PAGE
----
Teaching the teachers of religious faith

By Barb Arland-Fye
The Catholic Messenger

John Valenti travels around the Davenport Diocese making presentations to encourage and foster catechists’ growth.

“We’d like to equip you for your job. We’d like to help you grow in your job,” he tells a group of catechists gathered at St. Anthony Parish in Dav­enport on a stormy evening. Valenti, diocesan coordinator of Lifelong Faith and Lay Ministry Formation, didn’t let the weather disrupt his mission: to get the catechists on board for Echoes of Faith, a program of catechist formation for the digital age.

Valenti
Valenti

“It’s not us who teach, it’s Christ who teaches through us,” Valenti said, explaining why ongoing, lifelong faith formation is so important.

“The way you touch people on behalf of Christ is miraculous.”

Indeed, 761 catechists in the Davenport Diocese are touching the lives of 12,185 students who are under religious instruction —either in their parishes (7,366 students) or diocesan schools (4,819 students). Nineteen percent of all catechists in the diocese are certified, meaning they have achieved at least a basic level of competence in their area. The diocese has set a goal of having all catechists certified.

It’s not about creating one more requirement for already busy catechists. The ultimate goal is to help Catholics “to better celebrate, live and pass on the Catholic faith to our young people and adults,” Valenti wrote in the recently updated and revised diocesan Lifelong Faith For­mation Curriculum Guide. “Cate­chesis for all assures us that every person in our parishes and schools has a foundation in the teachings of the Catholic Church.” Through a lifelong faith journey, “we learn and experience the Lord in our homes, workplaces, parishes and communities.”

That’s also the aim of a group of catechetical leaders from the Davenport and Clinton deaneries who meet monthly to collaborate. The Ministers of Religious Education (MORE) seek to “share in the life of the parish and collaborate at the deanery and diocesan level and continue to develop in personal and professional growth,” according to their mission statement.

MORE members shared their thoughts about catechist certification with The Catholic Messenger following their April 19 meeting at diocesan headquarters. “It’s important to have catechists certified so that we’re all in line with what the church is saying,” ob­served Joyce Kloft, minister of faith formation for children ages 3 through sixth grade at St. Ann Parish-Long Grove. Kloft herself has be­gun participating in Cen­tering Prayer and attends various workshops and seminars. “It helps my spiritual growth and knowledge of the faith.”

“Catechists are not there just to fill a position, but to articulate the faith. Being a catechist is not something we do, it’s something we live every day of our lives,” noted Brenda Bertram, director of faith formation and youth ministry for Prince of Peace Parish-Clinton. “In my own life, I take advantage of any opportunities for en­richment, from spiritual to meth­o­dology. Dedication to prayer is so important, too. I go to daily Mass as often as I can. Being connected to the Eucharist keeps the real presence of Jesus in my daily life and in the people I encounter in the ministry I do,” Bertram reflected. “You have to look in the eyes of others and see the eyes of Christ in them.”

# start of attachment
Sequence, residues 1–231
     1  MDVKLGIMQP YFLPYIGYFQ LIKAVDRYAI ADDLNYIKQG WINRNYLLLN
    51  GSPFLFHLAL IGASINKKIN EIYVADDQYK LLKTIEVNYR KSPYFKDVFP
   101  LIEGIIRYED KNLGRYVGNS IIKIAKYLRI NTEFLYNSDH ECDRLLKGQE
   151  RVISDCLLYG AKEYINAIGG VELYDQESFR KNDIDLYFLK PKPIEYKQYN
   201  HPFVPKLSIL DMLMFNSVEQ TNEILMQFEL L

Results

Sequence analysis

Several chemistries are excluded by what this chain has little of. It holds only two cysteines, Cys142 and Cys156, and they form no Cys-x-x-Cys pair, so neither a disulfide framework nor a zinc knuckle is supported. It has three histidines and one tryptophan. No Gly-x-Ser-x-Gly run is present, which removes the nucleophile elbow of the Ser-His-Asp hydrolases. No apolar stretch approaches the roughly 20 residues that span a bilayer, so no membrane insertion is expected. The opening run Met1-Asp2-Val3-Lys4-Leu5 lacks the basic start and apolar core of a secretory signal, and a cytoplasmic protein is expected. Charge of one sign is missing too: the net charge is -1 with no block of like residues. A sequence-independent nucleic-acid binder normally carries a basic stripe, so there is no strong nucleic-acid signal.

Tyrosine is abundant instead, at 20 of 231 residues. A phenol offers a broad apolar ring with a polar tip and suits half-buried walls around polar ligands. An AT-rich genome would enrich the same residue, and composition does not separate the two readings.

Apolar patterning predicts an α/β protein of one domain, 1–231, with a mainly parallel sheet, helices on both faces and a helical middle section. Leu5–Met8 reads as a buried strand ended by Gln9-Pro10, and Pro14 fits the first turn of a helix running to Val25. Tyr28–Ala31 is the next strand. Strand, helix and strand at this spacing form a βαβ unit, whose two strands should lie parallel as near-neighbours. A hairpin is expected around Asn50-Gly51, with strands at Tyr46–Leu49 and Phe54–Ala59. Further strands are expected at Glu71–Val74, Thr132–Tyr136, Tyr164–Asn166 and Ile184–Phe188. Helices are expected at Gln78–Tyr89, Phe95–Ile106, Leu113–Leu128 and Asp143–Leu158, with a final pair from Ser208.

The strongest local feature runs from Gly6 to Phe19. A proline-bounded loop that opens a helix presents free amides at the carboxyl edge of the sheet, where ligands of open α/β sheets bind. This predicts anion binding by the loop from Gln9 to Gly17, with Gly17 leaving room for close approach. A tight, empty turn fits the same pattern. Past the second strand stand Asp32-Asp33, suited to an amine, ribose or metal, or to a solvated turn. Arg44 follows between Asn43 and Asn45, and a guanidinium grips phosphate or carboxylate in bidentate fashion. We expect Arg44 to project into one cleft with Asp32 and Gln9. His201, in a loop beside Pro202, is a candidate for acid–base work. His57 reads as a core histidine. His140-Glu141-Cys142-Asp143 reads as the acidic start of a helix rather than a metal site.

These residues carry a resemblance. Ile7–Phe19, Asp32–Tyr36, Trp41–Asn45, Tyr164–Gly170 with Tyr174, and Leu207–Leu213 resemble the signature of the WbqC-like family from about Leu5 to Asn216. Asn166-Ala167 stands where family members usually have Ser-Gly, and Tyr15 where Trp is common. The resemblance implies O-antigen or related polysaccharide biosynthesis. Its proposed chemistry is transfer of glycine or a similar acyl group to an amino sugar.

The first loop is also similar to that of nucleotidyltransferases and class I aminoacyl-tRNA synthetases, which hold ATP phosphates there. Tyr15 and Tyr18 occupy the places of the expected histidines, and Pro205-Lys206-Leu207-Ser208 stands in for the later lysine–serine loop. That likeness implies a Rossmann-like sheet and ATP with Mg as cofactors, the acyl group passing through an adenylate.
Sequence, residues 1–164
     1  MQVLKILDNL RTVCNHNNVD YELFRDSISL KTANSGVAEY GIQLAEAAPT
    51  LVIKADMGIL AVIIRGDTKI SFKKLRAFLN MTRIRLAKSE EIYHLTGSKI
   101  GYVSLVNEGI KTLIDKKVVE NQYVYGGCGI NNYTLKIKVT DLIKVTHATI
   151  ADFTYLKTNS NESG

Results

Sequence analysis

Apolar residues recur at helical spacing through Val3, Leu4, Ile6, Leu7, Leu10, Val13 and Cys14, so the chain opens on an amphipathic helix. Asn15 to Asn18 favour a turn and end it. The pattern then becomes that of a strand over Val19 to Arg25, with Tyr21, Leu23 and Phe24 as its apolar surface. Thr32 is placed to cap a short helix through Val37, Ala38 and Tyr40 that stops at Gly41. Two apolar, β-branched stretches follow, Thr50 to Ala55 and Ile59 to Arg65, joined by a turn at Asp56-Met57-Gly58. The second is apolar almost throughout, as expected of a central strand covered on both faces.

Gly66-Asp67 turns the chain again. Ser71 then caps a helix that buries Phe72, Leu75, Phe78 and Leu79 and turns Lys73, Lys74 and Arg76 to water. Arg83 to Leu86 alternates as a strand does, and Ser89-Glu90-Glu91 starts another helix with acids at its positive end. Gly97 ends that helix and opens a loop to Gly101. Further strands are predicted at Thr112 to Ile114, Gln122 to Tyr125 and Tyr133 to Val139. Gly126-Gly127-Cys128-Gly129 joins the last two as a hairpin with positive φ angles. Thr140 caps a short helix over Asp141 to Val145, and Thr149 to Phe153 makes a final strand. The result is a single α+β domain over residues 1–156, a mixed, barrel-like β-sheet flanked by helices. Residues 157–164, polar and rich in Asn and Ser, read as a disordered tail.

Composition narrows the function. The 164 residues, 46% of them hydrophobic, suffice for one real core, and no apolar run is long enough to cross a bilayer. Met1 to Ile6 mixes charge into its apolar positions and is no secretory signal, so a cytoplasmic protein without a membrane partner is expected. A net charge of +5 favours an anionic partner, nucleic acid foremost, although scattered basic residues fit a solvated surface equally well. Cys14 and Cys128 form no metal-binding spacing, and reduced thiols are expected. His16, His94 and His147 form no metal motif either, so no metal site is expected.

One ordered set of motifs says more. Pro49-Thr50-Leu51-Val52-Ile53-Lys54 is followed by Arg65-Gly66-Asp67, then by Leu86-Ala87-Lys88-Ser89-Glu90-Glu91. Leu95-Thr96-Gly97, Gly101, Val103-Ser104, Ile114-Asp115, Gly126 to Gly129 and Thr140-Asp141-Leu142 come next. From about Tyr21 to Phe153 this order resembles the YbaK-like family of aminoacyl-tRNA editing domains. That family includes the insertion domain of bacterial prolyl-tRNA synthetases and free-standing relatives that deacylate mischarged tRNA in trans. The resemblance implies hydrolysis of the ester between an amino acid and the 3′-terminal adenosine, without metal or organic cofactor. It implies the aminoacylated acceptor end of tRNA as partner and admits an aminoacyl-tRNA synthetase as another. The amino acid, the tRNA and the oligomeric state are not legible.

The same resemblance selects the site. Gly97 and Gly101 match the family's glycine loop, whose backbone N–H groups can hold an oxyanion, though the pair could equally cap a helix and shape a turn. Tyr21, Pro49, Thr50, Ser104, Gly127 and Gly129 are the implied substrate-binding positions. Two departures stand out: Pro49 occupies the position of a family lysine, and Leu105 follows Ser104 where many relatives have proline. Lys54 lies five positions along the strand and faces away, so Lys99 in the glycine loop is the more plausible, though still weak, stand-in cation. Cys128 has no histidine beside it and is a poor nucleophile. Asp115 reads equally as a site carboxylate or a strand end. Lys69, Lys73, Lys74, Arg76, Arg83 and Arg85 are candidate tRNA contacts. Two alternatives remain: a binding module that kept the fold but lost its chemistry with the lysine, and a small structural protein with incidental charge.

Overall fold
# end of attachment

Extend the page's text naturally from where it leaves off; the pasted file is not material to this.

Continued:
Pat Sheil, director of religious education and youth minister at St. Joseph Parish in DeWitt, agrees that ongoing formation for catechists is essential. It’s a challenge, though, to get volunteers to take on additional training. Faith formation, she added, “is the responsibility of the entire parish, not just the catechists in the classroom.”

Valenti thinks the Echoes of Faith online catechist training program will make certification doable because it’s designed to accommodate catechists’ busy schedules. They can work at their own pace. He’s so convinced that he obtained 100 access codes for the online program and distributed them to interested catechetical leaders.

Denise Hoteling, the new director of religious education and coordinator of youth ministry for St. Anthony Parish-Davenport, was one of the first to accept. Ten of her 20 catechists have signed up, she said. The certification process is a way for her and the other catechists to build on their understanding, together. “It’s good to have that baseline,” she added.

Mary Ann Hagemann appreciates the flexibility the online program offers. “You can do it at home, relaxed, at your own pace,” added Hagemann, the director of religious education and youth ministry for St. Alphonsus Parish-Davenport.

Pam Drury, one of two directors of religious education for Church of the Visitation-Camanche, is currently enrolled in the diocese’s Ministry Formation Program (MFP) for her own faith enrichment. All catechists “need faith formation to make sure we’re all on the same page. That’s what I’m doing now.”

“Our catechists need as much enrichment as the kids,” observed Jennifer Wemhoff, a graduate of the MFP program and director of religious education for Our Lady of Victory Parish-Davenport. “They’re hungry for their own spiritual nourishment.”

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